1David left Gath and escaped to the cave of Adullam. When his brothers and the rest of his family heard about it, they came down to him there.a 2He was joined by all those in difficulties or in debt, or embittered,* and became their leader. About four hundred men were with him.
3From there David went to Mizpeh of Moab and said to the king of Moab, “Let my father and mother stay with you, until I learn what God will do for me.” 4He left them with the king of Moab; they stayed with him as long as David remained in the stronghold.*
Doeg Betrays Ahimelech. 6Now Saul heard that David and his men had been located. At the time he was sitting in Gibeah under a tamarisk tree on the high place, holding his spear, while all his servants stood by him.c 7So he said to them: “Listen, men of Benjamin! Will the son of Jesse give all of you fields and vineyards? Will he appoint any of you an officer over a thousand or a hundred men?d 8Is that why you have all conspired against me? Why no one told me that my son had made a pact with the son of Jesse? None of you has shown compassion for me by revealing to me that my son has incited my servant to ambush me, as is the case today.”e 9f Then Doeg the Edomite, who was standing with Saul’s officers, spoke up: “I saw the son of Jesse come to Ahimelech, son of Ahitub, in Nob. 10He consulted the LORD for him, furnished him with provisions, and gave him the sword of Goliath the Philistine.”
Slaughter of the Priests. 11So the king summoned Ahimelech the priest, son of Ahitub, and all his family, the priests in Nob. They all came to the king. 12“Listen, son of Ahitub!” Saul declared. “Yes, my lord,” he replied. 13Saul questioned him, “Why have you conspired against me with the son of Jesse by giving him food and a sword and by consulting God for him, that he might rise up against me in ambush, as is the case today?” 14Ahimelech answered the king: “Who among all your servants is as loyal as David, the king’s son-in-law, captain of your bodyguard, and honored in your own house? 15Is this the first time I have consulted God for him? No indeed! Let not the king accuse his servant or anyone in my family of such a thing. Your servant knows nothing at all, great or small, about the whole matter.” 16But the king said, “You shall certainly die, Ahimelech, with all your family.” 17The king then commanded his guards standing by him: “Turn and kill the priests of the LORD, for they gave David a hand. They knew he was a fugitive and yet failed to inform me.” But the king’s servants refused to raise a hand to strike the priests of the LORD.g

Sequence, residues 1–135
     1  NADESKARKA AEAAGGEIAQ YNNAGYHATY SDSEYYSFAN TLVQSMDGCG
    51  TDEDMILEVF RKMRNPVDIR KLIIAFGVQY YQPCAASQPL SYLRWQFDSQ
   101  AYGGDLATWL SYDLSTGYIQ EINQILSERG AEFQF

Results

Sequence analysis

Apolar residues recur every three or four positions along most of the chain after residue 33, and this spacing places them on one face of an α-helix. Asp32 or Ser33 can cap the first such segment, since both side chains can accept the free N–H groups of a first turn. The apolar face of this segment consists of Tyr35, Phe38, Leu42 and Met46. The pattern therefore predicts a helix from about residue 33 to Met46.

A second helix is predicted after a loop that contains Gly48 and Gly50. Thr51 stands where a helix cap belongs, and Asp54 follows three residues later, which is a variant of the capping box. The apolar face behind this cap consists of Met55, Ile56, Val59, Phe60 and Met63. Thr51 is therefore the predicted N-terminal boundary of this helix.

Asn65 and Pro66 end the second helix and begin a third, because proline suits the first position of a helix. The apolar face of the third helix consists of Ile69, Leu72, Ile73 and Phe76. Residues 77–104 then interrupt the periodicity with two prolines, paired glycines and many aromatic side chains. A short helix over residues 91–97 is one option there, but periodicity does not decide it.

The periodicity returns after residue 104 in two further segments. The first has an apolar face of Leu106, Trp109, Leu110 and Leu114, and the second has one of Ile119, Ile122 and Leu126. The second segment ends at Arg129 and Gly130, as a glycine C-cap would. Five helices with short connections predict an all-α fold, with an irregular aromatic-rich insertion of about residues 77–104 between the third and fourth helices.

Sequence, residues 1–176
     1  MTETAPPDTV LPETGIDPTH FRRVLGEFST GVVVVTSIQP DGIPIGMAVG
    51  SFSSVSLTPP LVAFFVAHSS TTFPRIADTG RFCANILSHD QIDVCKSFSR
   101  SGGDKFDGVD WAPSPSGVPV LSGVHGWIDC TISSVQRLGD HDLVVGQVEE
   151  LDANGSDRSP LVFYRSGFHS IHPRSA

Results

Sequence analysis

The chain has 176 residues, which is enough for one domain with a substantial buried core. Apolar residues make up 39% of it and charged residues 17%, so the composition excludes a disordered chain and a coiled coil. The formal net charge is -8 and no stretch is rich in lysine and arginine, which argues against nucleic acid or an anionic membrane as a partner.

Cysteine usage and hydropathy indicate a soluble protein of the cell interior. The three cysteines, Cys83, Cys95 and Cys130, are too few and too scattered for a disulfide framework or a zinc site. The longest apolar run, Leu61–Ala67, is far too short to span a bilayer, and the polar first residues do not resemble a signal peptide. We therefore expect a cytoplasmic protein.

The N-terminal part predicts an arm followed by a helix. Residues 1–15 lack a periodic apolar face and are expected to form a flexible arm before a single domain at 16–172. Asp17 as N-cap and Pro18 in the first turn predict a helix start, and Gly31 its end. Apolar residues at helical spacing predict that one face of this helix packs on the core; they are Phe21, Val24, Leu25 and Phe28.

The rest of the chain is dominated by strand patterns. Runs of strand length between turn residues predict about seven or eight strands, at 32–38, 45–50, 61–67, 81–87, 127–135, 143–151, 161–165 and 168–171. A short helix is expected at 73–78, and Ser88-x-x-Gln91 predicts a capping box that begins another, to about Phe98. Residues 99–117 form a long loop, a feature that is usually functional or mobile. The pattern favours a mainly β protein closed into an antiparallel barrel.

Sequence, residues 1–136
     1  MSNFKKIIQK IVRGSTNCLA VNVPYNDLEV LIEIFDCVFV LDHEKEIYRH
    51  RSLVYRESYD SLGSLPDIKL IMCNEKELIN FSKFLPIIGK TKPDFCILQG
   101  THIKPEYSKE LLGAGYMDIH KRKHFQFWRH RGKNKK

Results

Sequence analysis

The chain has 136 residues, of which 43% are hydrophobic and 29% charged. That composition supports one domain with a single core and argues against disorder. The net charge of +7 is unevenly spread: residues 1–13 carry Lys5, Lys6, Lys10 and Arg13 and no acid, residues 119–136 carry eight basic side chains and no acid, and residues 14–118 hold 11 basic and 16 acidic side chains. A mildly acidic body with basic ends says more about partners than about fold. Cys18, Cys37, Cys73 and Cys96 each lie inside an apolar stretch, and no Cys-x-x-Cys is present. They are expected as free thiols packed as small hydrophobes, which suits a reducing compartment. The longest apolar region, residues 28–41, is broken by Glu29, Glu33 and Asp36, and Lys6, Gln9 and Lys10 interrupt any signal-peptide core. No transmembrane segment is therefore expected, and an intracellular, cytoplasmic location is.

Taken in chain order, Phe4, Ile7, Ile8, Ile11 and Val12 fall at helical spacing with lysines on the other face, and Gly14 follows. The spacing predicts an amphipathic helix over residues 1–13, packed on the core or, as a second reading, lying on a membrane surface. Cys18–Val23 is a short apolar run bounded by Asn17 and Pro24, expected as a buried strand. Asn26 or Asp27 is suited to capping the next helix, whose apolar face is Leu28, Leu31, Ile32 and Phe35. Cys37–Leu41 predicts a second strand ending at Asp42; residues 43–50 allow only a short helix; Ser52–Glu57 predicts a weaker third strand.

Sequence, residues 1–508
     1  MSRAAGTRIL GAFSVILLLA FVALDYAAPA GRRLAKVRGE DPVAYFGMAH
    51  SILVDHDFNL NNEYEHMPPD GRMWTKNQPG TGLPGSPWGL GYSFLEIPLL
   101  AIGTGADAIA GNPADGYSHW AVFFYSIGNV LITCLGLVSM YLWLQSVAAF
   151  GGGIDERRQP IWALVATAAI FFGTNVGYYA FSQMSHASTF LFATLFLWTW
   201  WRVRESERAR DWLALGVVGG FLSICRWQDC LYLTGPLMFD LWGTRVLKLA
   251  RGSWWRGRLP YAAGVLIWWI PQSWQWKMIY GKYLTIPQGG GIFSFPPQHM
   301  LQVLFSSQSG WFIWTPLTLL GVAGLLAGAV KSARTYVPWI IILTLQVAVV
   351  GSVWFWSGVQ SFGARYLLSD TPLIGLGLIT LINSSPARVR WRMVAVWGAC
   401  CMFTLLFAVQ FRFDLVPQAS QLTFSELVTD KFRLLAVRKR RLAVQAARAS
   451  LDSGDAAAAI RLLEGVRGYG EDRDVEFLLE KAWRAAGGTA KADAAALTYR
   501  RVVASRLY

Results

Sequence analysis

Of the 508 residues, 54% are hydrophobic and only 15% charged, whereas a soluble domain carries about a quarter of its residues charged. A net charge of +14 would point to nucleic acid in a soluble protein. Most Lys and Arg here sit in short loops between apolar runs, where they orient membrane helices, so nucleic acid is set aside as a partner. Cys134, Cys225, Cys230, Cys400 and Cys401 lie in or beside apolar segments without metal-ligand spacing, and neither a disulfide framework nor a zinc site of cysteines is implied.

18The king therefore commanded Doeg, “You, turn and kill the priests!” So Doeg the Edomite himself turned and killed the priests that day—eighty-five who wore the linen ephod. 19Saul also put the priestly city of Nob to the sword, including men and women, children and infants, and oxen, donkeys and sheep.
Abiathar Escapes. 20One son of Ahimelech, son of Ahitub, named Abiathar,* escaped and fled to David.h 21When Abiathar told David that Saul had slain the priests of the LORD, 22David said to him: “I knew that day, when Doeg the Edomite was there, that he would certainly tell Saul. I am responsible for the slaughter of all your family. 23Stay with me. Do not be afraid; whoever seeks your life must seek my life also. You are under my protection.”*
* [22:2] Embittered: Hebrew mar-nephesh, “bitter of spirit,” used of Hannah, deprived of a child, in 1:10, and of David’s soldiers, whose women and children the Amalekites had seized (30:6). Cf. also 2 Sm 17:8. David becomes a hero for those who have endured loss or deprivation.
* [22:20] Abiathar: the sole survivor of Eli’s household (2:27–36). David now has in his service the only priest of the Lord left in the land and exclusive access to the ephod for consulting the Lord (cf. 23:9–13). David later appoints Abiathar co-high priest with Zadok in Jerusalem (2 Sm 20:25), but Solomon exiles Abiathar to Anathoth when the priest does not support his bid for the throne. Cf. 1 Kgs 2:26–27.
* [22:23] You are under my protection: once again a sharp contrast is drawn between Saul, who kills the Lord’s priests, and David, who protects the lone survivor.